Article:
If you were visiting Clermont during out Halloween season, you might have encountered the ghost of John Fitch. He was the cranky one watching the ships steam by on the Hudson.
John Fitch was the first person to build and operate a steamboat. Named the Perseverance, it was an odd looking craft with banks of vertical oars – see the sketch on the right. Backed by a number of stockholders and working with a partner, Fitch carried passengers for a full season in 1790 – that's 17 years before Fulton was able to make his famous run.
From early spring until the winter ice, Fitch operated his boat on the Delaware River in Pennsylvania. (This raises the question of what he was doing haunting the Hudson, but I make it a policy to never question the undead.) The Perseverance traveled somewhere between 1,800 and 3,000 miles, averaging only one breakdown per 500 miles – not a bad record for such an early ship.
Despite all this, the Perseverance failed to make money. In fact, it lost money on every trip. At the end of the season, after some more bad luck and a failure to raise money, Fitch left the Delaware behind and traveled to France.
In order to understand what Fulton was able to do, it's worth looking at what went wrong for Fitch. What problems did Fitch contend with that Fulton didn't?
For starters, John Fitch had to deal with John Fitch. Fitch had a hard life, and it left him with an abrasive temperament. In his own words: “... when in wretchedness [I am] haughty, imperious, insolent to my superiors, tending to petulance ... And a man of this disposition ... can never get through the world easy.”
Fighting to build and maintain a type of ship that many people considered to be a crackpot idea meant dealing with a lot of “wretchedness.” Throw in the fact that in 1790 Fitch was the losing side of an uncomfortable love triangle, and you start to understand why Fitch just left the country after the failure of his business.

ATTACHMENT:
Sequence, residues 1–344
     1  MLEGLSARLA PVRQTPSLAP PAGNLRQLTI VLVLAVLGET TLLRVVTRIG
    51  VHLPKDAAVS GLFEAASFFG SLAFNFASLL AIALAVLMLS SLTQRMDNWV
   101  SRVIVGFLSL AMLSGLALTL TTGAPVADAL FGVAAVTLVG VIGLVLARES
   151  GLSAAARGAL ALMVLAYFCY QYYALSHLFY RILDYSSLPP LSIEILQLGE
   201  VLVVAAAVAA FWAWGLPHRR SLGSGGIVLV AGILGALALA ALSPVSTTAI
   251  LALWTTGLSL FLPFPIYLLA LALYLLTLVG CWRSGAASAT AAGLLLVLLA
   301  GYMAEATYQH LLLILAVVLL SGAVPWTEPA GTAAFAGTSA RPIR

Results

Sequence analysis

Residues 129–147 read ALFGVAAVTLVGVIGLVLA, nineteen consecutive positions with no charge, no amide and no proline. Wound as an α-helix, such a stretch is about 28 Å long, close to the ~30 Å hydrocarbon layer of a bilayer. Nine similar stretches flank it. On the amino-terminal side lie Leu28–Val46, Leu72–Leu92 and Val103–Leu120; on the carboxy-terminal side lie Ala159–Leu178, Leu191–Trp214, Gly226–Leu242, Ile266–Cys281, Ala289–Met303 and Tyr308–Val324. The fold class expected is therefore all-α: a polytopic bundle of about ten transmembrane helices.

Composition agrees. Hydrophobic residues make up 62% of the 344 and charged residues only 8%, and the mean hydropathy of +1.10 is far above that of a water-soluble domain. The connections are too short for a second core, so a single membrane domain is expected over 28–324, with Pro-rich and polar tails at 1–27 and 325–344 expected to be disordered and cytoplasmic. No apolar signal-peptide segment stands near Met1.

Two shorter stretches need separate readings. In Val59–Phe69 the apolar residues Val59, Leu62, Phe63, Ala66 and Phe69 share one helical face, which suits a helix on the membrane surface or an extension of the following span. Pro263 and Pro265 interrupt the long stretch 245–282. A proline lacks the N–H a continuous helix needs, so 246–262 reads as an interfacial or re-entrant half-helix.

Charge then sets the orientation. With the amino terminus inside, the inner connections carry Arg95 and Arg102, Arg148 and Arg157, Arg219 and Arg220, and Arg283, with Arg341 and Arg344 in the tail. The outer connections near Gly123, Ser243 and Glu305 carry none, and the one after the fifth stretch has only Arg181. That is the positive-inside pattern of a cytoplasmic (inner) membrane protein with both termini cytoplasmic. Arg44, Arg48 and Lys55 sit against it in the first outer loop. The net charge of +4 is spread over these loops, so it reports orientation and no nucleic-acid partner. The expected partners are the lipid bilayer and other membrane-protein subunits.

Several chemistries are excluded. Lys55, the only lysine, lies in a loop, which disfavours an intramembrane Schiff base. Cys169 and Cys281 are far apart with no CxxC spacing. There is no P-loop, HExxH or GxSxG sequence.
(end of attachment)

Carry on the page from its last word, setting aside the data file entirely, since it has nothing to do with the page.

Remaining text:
Fitch's abrasiveness meant that he had problems dealing with his financial backers and this limited his ability to raise money. Fitch's attitude also cost him with his customers. It seems that Fitch had to be prodded by his backers into making concessions for his guest's comfort. Given his druthers, Fitch would have left the Perseverance as a simple craft with nothing to distract him from the technical problems of the engine.
Fulton, on the other hand, started off with a stocked bar on-board. It may seem excessive, but it was touches like that that made him a hit with the traveling classes. And that was important, because his connection to Livingston meant that he had an connection with the upper tier of New York society.
With the help of his connections and his business sense, Fulton was able to do something that Fitch couldn't: he made the steamboat fashionable. Whereas Fitch piloted an odd ship that was seen as a floating fire-trap with a wood-fired boiler on board, Fulton's North River Steamboat was well received and made its creator a fair sum of money.